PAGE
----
“I was down in Georgia, nothing was as real…”

‘It is fair to assume that when an observant American travels abroad his eye will see freshly; and that the reverse may be true when a European eye looks at the United States. I speak of the things that are there, anywhere and everywhere – easily found, not easily selected and interpreted.’  The words of Robert Frank in his application to the John Simon Guggenheim Memorial Foundation to photograph across the United States. Between 1955 and 1958, Frank spent his time on the road documenting an outsider’s perspective of a country riven by social and racial tensions. 


Trolley, New Orleans, 1955. (c) Robert Frank from "The Americans".

From the many thousands of photographs taken by Frank over this period, he selected just 83 to be published in his book The Americans. Widely celebrated as one of the most important and influential photography books since the end of the second world war, it was met with critical hostility when first published because of  “the snapshot spontaneity of Frank’s photographs, and their disenchanted view of America” (Tate Modern website)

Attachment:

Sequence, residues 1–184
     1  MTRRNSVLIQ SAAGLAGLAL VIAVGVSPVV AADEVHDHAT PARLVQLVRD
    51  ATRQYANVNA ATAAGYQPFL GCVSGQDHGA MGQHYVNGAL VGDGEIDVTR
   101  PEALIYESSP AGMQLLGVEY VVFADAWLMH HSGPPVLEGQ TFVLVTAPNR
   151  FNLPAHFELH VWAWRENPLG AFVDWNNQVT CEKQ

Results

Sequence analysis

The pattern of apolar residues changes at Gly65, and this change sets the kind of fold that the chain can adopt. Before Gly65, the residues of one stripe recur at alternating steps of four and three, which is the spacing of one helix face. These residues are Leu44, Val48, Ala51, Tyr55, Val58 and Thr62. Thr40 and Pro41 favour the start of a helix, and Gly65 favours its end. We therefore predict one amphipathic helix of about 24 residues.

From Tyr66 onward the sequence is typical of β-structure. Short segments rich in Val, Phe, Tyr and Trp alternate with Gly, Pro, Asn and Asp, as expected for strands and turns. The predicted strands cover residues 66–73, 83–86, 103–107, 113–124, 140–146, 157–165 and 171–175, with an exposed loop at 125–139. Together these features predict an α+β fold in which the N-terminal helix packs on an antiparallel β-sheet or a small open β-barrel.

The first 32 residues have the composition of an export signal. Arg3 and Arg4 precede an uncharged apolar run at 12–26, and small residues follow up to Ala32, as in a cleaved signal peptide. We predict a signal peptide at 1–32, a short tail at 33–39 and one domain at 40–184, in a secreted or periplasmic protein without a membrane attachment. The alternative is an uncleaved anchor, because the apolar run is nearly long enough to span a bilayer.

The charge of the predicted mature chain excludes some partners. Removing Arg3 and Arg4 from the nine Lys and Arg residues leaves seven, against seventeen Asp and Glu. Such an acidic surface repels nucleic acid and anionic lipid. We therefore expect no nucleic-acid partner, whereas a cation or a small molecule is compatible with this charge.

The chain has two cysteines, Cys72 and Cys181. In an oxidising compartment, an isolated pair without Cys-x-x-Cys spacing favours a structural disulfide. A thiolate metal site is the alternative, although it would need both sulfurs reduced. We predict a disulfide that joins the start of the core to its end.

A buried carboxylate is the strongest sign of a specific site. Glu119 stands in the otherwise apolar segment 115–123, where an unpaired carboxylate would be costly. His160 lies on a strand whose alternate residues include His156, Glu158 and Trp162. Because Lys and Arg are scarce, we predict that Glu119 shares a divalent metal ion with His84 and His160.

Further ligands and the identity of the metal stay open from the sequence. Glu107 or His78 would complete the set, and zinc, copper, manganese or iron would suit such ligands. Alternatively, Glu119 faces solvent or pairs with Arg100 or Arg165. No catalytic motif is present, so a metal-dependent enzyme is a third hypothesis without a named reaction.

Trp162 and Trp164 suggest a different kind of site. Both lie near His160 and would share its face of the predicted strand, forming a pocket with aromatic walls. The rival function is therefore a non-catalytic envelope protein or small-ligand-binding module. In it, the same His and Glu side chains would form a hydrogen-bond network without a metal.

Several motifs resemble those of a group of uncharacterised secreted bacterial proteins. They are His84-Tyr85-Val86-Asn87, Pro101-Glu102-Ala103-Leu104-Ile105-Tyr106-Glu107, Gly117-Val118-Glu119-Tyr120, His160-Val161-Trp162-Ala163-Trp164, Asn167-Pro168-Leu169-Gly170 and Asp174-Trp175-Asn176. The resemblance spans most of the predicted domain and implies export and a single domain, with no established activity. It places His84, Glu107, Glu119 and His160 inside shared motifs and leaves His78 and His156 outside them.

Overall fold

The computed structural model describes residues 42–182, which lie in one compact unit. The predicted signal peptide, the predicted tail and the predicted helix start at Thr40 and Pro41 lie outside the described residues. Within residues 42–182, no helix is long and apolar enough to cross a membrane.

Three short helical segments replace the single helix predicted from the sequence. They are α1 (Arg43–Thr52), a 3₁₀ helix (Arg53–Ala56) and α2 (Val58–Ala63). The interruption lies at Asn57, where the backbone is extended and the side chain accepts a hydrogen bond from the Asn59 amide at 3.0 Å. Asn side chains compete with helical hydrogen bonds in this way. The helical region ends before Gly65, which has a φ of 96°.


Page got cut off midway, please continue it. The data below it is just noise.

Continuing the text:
It’s something of a leap of faith (perhaps) that draws parallels between Frank’s ‘outsider’ view in The Americans and the singularity of vision of Patti Smith. Her recent photographic exhibition (Land 250) at the Fondation Cartier pour l’art contemporain may, as one critic has suggested, “remind you…, if only in their studied self-consciousness, how assured Smith (is) in creating her own mythology, her own iconography”.

And yet…isn’t ‘personal significance’ one of the touchstones of any photographic image? Semiotics looms large! 

Polaroid photo from "Land 250" (c) Patti Smith

Polaroid photo from "Land 250" (c) Patti Smith




And as for the title of this post? The opening line of “Summer Cannibals”, from Patti Smith’s 1996 album “Gone Again”. Video by Robert Frank.


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